Reduced Neuromuscular Performance in Night Shift Orthopedic Nurses: New Insights From a Combined Electromyographic and Force Signals Approach

Emiliano Cè, Christian Doria, Eliana Roveda, Angela Montaruli, Letizia Galasso, Lucia Castelli, Antonino Mulè, Stefano Longo, Giuseppe Coratella, Pasqualino D’Aloia, Giuseppe Banfi, Fabio Esposito

Research output: Contribution to journalArticlepeer-review


The effect of sleep–wake rhythm disruption on neuromuscular control and muscle fatigue has received little attention. Because nurse shift work is so varied, including overnight duty, rotating shift schedules, early awakening, and interrupted nocturnal sleep, it offers an interesting model to study this paradigm. It has been investigated so far using only subjective markers. A combined approach based on the simultaneous analysis of surface electromyographic (sEMG) and force signals can objectively detect possible deficits in neuromuscular control and muscle fatigue. With this study we investigated neuromuscular activation and muscle contraction capacity at submaximum and maximum level in nurses working two night-shift schedules and compared them to levels in nurses working entirely in day shifts. Sleep quality and activity levels were also assessed. The study sample was 71 nurses grouped by their shift work schedule: night shift for 5 days (NS5, n = 46), night shift for 10 days (NS10, n = 9), and only day/swing shift (DS, n = 16). Before and after the shift-work cycle, maximum voluntary contraction (MVC) force and muscle activation, neuromuscular control, and muscle fatigability were measured in the finger flexor muscles. Activity level and sleep quality during the shift-work cycle were recorded with a wrist actigraph. After the shift-work cycles, MVC force and muscle activation were decreased (−11 ± 3% and −33 ± 3%, p < 0.001) as was neuromuscular control (−36 ± 8%, p = 0.007), whereas muscle fatigability was increased (+ 19 ± 9%, p = 0.006) in the NS5 and the NS10 group. Sleep quality was lower in the NS5 and the NS10 group (−8 ± 1.8% and −15%3, respectively, p < 0.001), while the activity level for the three groups was similar. There was a clear reduction in neuromuscular control and an increase in muscle fatigue in the nurses working the night shift. These findings may inform of work schedule planning or recommendations for devising new recovery strategies to counteract neuromuscular alterations in night shift nurses.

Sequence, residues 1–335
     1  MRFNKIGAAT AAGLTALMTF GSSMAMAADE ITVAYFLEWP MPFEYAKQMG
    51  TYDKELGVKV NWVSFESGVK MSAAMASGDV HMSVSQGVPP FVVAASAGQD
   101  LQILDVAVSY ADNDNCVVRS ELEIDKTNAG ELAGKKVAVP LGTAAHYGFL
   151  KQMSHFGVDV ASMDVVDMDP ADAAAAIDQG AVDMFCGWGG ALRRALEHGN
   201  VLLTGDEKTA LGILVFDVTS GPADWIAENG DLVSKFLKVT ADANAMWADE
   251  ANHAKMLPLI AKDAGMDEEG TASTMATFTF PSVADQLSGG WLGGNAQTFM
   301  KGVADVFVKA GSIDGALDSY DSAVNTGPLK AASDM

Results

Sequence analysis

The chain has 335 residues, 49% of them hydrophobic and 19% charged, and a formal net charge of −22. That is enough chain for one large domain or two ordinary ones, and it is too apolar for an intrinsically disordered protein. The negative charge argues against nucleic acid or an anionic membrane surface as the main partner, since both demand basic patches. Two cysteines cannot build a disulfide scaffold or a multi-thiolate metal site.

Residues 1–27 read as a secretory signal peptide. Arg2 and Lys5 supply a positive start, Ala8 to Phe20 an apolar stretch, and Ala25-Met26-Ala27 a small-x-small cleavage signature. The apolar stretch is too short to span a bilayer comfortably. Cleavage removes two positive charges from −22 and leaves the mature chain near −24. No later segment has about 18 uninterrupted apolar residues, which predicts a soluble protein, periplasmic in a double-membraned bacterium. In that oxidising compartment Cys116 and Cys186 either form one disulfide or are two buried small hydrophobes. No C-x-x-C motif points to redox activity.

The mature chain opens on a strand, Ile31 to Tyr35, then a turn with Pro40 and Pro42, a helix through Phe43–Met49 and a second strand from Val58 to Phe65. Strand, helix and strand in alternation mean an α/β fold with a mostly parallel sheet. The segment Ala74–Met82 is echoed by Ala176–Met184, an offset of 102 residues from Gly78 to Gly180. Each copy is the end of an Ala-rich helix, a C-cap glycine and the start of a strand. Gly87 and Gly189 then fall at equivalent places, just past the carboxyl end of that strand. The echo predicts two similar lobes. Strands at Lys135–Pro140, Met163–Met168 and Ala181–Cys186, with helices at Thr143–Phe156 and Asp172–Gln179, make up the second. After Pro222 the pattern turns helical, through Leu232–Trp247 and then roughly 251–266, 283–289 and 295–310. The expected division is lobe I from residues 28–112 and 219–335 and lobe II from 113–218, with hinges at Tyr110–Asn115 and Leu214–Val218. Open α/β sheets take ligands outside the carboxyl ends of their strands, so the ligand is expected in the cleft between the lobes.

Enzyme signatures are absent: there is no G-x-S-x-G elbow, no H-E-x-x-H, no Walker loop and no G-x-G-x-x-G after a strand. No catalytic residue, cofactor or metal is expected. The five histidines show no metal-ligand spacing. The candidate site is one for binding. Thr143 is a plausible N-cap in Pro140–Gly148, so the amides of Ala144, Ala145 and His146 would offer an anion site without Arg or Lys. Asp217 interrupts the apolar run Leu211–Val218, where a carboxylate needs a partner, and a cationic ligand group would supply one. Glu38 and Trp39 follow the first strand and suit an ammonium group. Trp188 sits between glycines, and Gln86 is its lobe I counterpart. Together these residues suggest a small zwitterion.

Original languageEnglish
Article number693
JournalFrontiers in Physiology
Publication statusPublished - Jun 30 2020


  • activity level
  • fatigue
  • neuromuscular control
  • night shift workers
  • nurse
  • sleep-wake rhythm

ASJC Scopus subject areas

  • Physiology
  • Physiology (medical)


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